The meetings went on until quite late and I had to carry on translating through dinner with Chema, Charles and Collin in quite a noisy but nice brasserie type restaurant. It would have been a wonderful dinner if I hadn't had to work. I even carried on translating as we walked back from the centre of the town to our hotel. That day after so much walking, 14km according to my fitbit, I got lots of blisters on my feet as I wasn't wearing trainers. The next day I would have to find a chemist shop to buy "compeed" plasters. 

I was in bed just before midnight and although the hotel was a little seedy, the room was clean and the bed very comfortable. I was able to make up for lost sleep that night as the next day our first meeting wasn't starting until 12 noon.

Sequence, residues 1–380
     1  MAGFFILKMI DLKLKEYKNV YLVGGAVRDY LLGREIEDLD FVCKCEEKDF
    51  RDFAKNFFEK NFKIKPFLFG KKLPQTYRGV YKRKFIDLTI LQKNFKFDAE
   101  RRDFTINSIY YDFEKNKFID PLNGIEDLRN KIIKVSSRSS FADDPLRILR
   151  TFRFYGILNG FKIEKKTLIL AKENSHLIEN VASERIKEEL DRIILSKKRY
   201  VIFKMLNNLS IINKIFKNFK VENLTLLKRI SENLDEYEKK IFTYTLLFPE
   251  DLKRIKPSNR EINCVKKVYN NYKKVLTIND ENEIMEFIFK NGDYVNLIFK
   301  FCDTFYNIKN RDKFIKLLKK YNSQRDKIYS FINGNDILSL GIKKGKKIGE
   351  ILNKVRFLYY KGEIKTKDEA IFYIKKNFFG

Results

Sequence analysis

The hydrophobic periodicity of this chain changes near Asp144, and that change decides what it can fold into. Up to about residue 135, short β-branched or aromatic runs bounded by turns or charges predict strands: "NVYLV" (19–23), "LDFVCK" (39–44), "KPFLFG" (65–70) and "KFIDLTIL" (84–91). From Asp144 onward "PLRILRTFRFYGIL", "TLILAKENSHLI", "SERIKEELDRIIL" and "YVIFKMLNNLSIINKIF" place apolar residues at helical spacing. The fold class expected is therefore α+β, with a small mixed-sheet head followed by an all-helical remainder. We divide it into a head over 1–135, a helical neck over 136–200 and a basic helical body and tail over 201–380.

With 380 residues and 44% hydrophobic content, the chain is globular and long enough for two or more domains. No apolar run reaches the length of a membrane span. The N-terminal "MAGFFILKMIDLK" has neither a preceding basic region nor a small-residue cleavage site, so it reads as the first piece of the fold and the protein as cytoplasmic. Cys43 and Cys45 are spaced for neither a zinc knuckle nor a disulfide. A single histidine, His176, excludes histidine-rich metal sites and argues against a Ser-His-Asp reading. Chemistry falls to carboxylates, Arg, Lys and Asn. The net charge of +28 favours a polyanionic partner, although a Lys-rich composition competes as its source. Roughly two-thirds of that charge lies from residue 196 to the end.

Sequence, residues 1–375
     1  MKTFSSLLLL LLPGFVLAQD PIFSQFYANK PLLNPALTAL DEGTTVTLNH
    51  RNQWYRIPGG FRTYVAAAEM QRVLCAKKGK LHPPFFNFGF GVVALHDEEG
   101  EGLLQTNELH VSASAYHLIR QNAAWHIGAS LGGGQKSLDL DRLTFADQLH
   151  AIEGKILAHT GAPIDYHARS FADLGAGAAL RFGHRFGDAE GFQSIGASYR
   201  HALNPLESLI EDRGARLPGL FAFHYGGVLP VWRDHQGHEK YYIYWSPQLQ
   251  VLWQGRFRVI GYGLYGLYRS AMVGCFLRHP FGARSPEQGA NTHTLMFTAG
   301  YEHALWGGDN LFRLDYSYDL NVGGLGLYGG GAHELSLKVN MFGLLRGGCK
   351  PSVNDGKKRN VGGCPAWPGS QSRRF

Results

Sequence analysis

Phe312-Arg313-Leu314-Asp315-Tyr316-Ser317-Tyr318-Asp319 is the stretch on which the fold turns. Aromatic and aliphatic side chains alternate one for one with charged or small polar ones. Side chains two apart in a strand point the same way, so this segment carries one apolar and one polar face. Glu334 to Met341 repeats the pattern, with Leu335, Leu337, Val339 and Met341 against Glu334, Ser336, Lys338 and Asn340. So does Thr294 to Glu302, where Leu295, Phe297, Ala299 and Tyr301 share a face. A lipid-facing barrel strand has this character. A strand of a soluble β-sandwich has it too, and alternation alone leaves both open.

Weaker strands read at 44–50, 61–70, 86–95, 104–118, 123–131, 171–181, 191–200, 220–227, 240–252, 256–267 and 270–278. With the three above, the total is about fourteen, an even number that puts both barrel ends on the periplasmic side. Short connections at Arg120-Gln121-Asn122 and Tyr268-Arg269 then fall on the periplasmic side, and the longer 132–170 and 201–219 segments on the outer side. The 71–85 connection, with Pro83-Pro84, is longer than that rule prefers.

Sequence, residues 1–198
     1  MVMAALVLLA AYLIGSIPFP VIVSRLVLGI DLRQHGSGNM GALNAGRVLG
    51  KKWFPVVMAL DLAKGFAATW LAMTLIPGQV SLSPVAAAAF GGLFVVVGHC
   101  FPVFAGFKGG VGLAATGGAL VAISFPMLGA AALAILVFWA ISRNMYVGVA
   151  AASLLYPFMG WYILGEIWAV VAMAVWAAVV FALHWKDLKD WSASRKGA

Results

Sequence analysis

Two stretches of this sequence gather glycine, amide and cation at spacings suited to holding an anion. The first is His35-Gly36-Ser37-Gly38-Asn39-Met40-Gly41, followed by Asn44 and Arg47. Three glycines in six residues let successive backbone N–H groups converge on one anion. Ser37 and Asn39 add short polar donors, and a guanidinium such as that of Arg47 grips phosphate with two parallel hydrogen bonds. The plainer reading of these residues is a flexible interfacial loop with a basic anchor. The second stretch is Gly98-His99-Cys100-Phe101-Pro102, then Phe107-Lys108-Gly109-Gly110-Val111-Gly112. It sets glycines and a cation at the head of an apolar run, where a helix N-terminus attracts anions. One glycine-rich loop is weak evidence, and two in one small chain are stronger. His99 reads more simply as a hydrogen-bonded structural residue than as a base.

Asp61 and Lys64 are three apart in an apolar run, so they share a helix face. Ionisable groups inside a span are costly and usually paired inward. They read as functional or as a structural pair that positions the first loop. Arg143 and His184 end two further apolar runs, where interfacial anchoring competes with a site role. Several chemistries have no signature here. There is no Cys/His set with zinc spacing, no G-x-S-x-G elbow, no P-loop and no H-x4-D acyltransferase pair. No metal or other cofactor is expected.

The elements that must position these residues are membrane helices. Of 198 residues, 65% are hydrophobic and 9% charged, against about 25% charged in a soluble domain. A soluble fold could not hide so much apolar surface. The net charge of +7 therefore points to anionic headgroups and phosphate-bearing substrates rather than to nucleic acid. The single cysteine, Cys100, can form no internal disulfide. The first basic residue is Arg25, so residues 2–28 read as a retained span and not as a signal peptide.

On Thursday I woke up at 5, then 6 and finally got up at 06.30. I do wish my body clock would let me sleep more. I woke up to news of  Hurricane Irma having pummeled small islands in the Caribbean such as the British Virgin Islands, St. Martin and St. Barts, Anguilla and  Barbuda. With a population of 1800, the small island of Barbuda was nearly completely destroyed with only 10% of its houses left standing. It would go on to hit Puerto Rico, later Cuba and of course  Florida in the US. 
Barbuda in the Caribbean nearly completely destroyed by Hurricane Irma this week.